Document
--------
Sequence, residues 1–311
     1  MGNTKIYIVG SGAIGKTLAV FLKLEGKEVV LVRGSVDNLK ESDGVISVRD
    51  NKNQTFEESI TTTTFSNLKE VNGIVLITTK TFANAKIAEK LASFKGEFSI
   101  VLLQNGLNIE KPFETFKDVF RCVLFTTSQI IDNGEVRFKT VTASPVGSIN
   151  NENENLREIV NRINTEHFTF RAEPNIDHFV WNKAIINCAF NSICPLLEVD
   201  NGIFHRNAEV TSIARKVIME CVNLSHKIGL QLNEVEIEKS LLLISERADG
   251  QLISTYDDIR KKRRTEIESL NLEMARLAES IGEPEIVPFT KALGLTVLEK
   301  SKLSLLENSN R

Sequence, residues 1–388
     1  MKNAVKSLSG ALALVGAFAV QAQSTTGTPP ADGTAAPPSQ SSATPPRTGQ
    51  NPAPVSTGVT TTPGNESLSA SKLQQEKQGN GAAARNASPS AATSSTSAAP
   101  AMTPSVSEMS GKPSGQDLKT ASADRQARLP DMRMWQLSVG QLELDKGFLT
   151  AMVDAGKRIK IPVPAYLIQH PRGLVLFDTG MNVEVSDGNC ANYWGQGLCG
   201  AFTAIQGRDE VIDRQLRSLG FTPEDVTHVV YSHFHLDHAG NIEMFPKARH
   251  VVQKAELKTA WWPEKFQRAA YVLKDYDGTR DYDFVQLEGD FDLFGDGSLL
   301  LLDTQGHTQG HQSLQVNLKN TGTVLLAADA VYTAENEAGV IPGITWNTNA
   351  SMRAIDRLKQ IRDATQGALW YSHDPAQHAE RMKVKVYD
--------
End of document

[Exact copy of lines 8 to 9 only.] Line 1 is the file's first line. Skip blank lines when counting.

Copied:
   301  SKLSLLENSN R

Sequence, residues 1–388